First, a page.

Then again, why would they? They’re often not, say, women of color. They’re almost exclusively white men. And it’s not currently in the business interests of the white, male, silicon valley C-level executives like Mark Zuckerberg to put any thought into how the ubiquitous communications infrastructure they’re profiting from could be used to support survivors of sexual assault and rape. After all, to do that, they’d first have to admit that up to a quarter of their male user base are admitted rapists.

The Predator Alert Tool for OkCupid represents literally the least they could do. But OkCupid has done its best to pretend that the tool doesn’t exist. Similarly, Facebook’s track record on the issue is horrific. The recent #FBrape campaign, which highlighted Facebook’s policy of allowing content depicting violence against women, is an encouraging example of an awareness-raising campaign that had some positive effect.

But “raising awareness” is not a solution, merely an articulation of the problem. Facebook can and should do a lot more to prevent sexual violence than just deleting pro-rape pages when someone complains. As one of the most important telecommunication technologies on the planet, it should help connect survivors to one another.

The Predator Alert Tool for Facebook is designed to do exactly that. It’s the newest in the suite of Predator Alert Tools to come out. Like its predecessors, the Predator Alert Tool for Facebook also proves how technologically simple and inexpensive a system of survivor support can be to implement.

Released to the public domain as free software, the Predator Alert Tool for Facebook is a free Facebook app you can add to your Facebook account. Doing so lets you read what people are saying about your Facebook friends’ behavior with regards to their consent practices, and facilitates an introduction to those people if they’re willing to talk with you about their experience. Built by survivors for survivors, the Predator Alert Tool for Facebook helps survivors connect, stay safe, and stay informed.

With each new Predator Alert Tool, it’s ever more obvious that every social network on the Internet can and should have some mechanism to support survivors of sexual violence that puts control in the hands of survivors themselves, not some faceless, employed administrator or computer algorithm that activates when you click the “report” button. Moreover, with each new Predator Alert Tool’s release, it’s ever more obvious that if building and maintaining such tools can be accomplished by a rag-tag crew of volunteers in mere months, it can certainly be accomplished by the world’s largest and most influential technology companies.

Unfortunately, as headlines the world over these past few months are making clear, rather than fund efforts to build technologically augmented support structures for survivors of sexual violence, tech firms, defense contractors, and government agencies are spending financial capital and taxpayer money on unconstitutional spying campaigns. There’s no good excuse for this. There’s no good excuse for not building sexual violence prevention tools into every social network on the Internet.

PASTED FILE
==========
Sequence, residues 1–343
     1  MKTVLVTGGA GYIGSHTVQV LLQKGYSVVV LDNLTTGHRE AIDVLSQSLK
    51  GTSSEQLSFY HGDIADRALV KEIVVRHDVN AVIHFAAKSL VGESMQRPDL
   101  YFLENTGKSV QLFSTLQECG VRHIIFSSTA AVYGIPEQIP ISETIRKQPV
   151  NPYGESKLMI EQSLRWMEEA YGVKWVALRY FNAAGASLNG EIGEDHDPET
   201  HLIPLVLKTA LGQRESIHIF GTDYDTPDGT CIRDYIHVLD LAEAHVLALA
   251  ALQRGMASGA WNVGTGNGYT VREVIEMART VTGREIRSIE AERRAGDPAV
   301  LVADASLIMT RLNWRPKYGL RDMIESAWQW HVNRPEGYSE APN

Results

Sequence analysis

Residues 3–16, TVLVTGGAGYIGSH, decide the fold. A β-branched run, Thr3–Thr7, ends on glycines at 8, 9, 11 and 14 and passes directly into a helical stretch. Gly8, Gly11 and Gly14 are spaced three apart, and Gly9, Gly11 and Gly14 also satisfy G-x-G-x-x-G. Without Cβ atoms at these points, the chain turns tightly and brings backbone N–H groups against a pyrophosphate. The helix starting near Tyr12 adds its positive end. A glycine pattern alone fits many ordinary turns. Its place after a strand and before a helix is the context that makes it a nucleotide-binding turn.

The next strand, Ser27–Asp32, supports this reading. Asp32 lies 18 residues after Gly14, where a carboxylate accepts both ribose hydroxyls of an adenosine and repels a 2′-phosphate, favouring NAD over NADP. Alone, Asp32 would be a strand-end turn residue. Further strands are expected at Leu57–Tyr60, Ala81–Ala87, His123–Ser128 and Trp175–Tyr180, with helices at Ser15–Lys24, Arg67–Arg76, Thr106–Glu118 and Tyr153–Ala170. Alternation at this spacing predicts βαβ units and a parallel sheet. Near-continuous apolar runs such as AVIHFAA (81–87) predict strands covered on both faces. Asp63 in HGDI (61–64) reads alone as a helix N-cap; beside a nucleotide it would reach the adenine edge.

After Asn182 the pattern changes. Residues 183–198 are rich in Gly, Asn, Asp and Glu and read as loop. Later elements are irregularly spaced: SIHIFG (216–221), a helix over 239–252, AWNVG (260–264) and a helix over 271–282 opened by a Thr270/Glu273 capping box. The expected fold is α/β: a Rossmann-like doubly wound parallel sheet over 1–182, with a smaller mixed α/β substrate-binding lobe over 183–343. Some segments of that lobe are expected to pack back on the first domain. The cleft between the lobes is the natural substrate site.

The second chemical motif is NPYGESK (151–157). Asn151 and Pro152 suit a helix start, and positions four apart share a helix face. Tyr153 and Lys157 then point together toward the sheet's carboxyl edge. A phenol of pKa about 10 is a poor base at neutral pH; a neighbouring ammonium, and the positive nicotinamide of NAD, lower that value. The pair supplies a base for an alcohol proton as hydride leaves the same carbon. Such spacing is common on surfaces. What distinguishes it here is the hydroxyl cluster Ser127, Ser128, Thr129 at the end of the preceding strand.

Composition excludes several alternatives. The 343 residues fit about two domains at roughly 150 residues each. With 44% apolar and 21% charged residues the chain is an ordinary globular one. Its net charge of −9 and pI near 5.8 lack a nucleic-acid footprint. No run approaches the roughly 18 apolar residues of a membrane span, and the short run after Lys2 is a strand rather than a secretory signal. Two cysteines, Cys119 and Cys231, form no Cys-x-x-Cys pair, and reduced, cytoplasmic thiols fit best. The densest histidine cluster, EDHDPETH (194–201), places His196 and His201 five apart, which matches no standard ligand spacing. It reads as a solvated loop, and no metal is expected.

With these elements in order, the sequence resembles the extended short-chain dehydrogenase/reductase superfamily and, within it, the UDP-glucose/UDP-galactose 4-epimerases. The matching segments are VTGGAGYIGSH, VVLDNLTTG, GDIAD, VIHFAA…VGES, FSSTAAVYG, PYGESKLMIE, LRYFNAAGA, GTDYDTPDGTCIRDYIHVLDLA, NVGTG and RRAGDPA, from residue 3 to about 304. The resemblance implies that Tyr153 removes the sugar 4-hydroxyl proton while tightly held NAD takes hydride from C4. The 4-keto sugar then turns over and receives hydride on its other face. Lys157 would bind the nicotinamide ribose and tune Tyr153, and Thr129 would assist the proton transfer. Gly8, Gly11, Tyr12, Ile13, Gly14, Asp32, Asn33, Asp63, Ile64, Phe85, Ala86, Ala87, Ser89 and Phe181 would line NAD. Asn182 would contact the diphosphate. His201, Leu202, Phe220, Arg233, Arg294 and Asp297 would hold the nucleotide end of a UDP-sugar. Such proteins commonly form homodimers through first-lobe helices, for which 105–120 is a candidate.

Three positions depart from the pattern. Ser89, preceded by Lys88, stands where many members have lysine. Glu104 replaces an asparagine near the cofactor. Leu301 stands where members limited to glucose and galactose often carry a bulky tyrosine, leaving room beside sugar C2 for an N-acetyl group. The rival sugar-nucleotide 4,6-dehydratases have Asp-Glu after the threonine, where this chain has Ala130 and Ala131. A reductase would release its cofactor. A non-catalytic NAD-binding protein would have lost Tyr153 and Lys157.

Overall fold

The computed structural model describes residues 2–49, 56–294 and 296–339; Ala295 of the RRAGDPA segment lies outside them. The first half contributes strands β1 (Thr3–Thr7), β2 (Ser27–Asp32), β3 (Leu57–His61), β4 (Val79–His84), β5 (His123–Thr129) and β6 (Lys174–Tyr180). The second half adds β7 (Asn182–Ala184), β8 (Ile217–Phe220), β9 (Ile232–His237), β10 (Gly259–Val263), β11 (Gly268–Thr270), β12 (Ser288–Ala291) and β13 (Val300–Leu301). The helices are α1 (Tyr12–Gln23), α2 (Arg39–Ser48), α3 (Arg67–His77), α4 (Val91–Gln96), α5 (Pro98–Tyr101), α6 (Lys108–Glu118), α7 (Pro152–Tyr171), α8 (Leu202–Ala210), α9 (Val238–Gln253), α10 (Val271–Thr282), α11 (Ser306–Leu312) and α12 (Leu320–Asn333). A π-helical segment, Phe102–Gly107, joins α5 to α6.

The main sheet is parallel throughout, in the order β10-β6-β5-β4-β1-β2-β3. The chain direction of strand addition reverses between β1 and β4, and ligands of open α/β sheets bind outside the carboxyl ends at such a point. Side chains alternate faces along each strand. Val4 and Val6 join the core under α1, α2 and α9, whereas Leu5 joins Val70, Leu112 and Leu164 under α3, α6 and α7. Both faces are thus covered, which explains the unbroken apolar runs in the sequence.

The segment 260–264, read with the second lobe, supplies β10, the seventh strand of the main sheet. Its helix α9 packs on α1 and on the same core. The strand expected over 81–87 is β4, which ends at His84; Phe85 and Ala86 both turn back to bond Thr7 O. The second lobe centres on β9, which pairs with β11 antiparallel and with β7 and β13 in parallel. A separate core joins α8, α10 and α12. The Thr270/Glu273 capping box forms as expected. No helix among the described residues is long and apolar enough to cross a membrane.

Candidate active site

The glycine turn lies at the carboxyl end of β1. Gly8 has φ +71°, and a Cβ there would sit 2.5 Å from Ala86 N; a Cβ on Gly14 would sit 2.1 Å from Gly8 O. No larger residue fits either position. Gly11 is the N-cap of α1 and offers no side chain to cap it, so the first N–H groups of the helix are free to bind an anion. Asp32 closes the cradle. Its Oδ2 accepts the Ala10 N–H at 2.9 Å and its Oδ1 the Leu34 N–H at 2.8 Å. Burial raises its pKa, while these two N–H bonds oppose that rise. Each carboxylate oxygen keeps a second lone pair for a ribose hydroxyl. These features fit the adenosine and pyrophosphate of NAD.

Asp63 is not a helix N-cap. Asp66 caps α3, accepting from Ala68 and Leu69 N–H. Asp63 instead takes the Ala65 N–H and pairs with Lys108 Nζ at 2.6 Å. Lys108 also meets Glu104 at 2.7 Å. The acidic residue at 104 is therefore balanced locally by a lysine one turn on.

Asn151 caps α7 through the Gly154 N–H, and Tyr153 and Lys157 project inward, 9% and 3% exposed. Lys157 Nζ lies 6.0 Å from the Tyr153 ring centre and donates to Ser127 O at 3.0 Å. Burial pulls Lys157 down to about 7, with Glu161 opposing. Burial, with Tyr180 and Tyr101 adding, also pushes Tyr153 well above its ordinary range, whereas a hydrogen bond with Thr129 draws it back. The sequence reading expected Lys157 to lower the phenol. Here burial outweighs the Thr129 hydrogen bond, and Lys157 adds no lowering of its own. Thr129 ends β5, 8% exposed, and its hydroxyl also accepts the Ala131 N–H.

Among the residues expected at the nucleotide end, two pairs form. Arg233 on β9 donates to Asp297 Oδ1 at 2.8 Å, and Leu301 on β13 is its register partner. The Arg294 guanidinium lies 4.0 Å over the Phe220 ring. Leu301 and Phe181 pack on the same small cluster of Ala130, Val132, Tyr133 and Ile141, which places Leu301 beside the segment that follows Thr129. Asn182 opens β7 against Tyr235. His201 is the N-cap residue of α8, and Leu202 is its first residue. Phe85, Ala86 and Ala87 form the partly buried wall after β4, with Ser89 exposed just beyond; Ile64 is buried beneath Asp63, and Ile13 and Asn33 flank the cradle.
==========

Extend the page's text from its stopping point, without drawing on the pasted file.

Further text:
There’s no good excuse for not building sexual violence prevention tools into every social network on the Internet.

Let’s continue raising awareness of the problem. But let’s also take action. I’ve been writing Predator Alert Tool computer code. What are you going to do?

Learn more about how you can help support the Predator Alert Tool suite.

The Technomadic Technomage, Mario, and Me

I’ve been meaning to get this post up for a while, but only just gotten a little time to catch up on some of my blogging backlog.

Once upon a time, I had this Nintendo Wii.

The author excitedly holding a newly-opened Wii Mario Kart steering wheel, surrounded by other Wii boxes and paraphernalia

I bought it a few years back to serve as my exercise and entertainment system during my last season in Antarctica. Then my roommate hacked it and downloaded an NES emulator for it, and we mostly used it to play Tetris all season instead.

In my most recent move, I rediscovered it at the bottom of a tub of Ice mementos and holiday clothes. Now I have a Wii again! Complete with controllers and those nifty steering wheels for playing Mario Kart.

What I don’t have is a television. (Because who owns a television in 2014?)

But Maymay was visiting when I made this discovery, and decided we were going to make the Wii work somehow anyway. We considered trying to use one of our laptop screens as a stand-in for a TV, but that seemed complicated and like it would require a bunch of adapters we didn’t want to pay for, so instead Maymay just downloaded a Wii emulator (complete with a whole bunch of new games — whee!)

Maymay wearing a green t-shirt and jeans sits on a couch holding a Wii controller set, and looks intently at a game screen (not pictured)

Fortunately, the Wii’s controllers use Bluetooth, so they were able to communicate with Maymay’s laptop the same way they would have with the Wii console itself. This is important, because I think the Wiimotes are really what makes the Wii experience fun. Trying to navigate a Wii game using a typical emulator’s keyboard commands just wouldn’t compare.